It’s Hurricane Season: Is Your Business Prepared?
Once we start seeing heat waves, you know that hurricane season is in full swing. Especially if you live on the coast, you can never be too prepared for tropical storms – and that preparedness is not limited to just your home. Perhaps you’ve already stocked up on bottled water and canned goods, made a family emergency plan, and reinforced your outdoor shed…but what have you done to protect your business? If your office building or storefront is affected, it could result in millions of dollars’ worth of lost profits. Here are some ways you can do some pre-emptive damage control.
Protect your Physical Property
It’s important to begin thinking about what you’ll do to protect your workplace. If you live in a particularly hurricane-prone location, you’ll want to reinforce your windows and doors with shutters or even plywood. Have a roofer come make sure that your roof is in good shape and patch any weak spots to prevent leaking. Remove loose branches on nearby trees and secure any outdoor furniture or other objects that could blow away. Sandbag the basement, or any area of the building that floods easily. If your area has a storm watch, you may want to secure/cover expensive electronics and turn off utilities as well.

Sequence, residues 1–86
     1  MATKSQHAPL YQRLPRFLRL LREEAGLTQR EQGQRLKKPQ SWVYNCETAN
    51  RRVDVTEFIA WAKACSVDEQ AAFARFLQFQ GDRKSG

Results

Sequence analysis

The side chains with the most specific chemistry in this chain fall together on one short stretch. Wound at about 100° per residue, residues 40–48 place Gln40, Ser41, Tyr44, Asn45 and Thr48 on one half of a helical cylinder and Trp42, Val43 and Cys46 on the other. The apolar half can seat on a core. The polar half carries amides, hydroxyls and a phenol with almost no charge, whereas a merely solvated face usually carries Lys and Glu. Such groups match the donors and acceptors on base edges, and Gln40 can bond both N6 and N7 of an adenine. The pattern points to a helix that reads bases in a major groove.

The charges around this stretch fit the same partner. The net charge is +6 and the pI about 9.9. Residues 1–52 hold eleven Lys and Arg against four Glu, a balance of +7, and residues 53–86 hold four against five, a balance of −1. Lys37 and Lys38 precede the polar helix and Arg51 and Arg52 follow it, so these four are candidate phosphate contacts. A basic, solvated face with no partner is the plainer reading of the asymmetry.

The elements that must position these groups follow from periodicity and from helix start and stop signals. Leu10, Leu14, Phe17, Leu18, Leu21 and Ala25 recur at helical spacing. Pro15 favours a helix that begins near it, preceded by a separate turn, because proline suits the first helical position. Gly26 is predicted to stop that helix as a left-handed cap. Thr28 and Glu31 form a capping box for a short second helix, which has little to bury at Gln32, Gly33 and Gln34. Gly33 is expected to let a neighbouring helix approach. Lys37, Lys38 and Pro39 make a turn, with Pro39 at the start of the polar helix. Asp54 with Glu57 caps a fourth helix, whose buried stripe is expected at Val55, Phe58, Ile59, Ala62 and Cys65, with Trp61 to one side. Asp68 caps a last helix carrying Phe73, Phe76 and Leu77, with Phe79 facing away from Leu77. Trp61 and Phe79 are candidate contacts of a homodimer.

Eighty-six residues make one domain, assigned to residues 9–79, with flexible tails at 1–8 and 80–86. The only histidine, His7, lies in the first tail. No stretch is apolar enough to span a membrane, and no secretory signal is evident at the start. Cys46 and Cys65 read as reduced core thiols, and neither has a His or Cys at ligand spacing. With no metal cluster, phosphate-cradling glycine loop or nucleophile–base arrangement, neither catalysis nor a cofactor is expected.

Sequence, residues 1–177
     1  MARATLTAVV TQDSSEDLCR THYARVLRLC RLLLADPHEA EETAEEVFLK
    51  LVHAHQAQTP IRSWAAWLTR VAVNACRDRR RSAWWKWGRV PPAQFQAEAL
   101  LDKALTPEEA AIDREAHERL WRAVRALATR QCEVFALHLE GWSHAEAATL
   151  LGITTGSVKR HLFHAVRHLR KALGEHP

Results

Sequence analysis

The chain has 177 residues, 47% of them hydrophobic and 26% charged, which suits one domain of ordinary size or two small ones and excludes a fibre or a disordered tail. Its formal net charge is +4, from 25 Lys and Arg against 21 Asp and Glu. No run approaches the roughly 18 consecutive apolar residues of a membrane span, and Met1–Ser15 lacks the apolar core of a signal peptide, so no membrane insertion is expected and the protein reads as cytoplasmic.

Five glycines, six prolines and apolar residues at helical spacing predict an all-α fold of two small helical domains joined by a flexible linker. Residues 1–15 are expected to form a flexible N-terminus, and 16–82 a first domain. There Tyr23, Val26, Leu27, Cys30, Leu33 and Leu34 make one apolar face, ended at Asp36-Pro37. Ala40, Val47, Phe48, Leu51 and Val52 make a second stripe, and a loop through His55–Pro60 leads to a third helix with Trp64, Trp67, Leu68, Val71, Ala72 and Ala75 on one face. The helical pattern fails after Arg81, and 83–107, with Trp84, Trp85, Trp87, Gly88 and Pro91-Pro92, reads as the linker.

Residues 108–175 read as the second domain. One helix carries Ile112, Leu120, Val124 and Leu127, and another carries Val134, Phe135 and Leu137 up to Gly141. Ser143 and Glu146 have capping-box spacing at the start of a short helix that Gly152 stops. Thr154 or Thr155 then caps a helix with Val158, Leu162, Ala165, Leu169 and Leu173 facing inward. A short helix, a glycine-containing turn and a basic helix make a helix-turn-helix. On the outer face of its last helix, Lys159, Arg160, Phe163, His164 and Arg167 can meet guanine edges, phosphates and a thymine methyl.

Protect your Business Information
Make sure that everyone in the office has a list of contacts in case they have an emergency, and make sure that your file of business contacts (insurance companies and banks, namely) is up to date. If you use the cloud for your business operations, you’re in luck – the cloud offers a lot of disaster avoidance services, but it’s still important to back up files that can’t easily be reproduced such as insurance documents and accounting statements. If a storm is expected for the next day, it might be a good idea to have everyone forward their office phones to their mobile phones just in case.
Keep a Checklist of Necessary Items
Do you have perishables on-site? It might be a good idea to have a backup cooler or generator to make sure you don’t lose out on a lot of inventory. Additionally, every business should have an emergency kit containing flashlights, food supplies, pillows and blankets, flashlights, a toolkit, and a list of emergency contact information. Although we never expect to be trapped at work when a storm strikes, after the recent flooding in Texas, you know that you can never be too safe.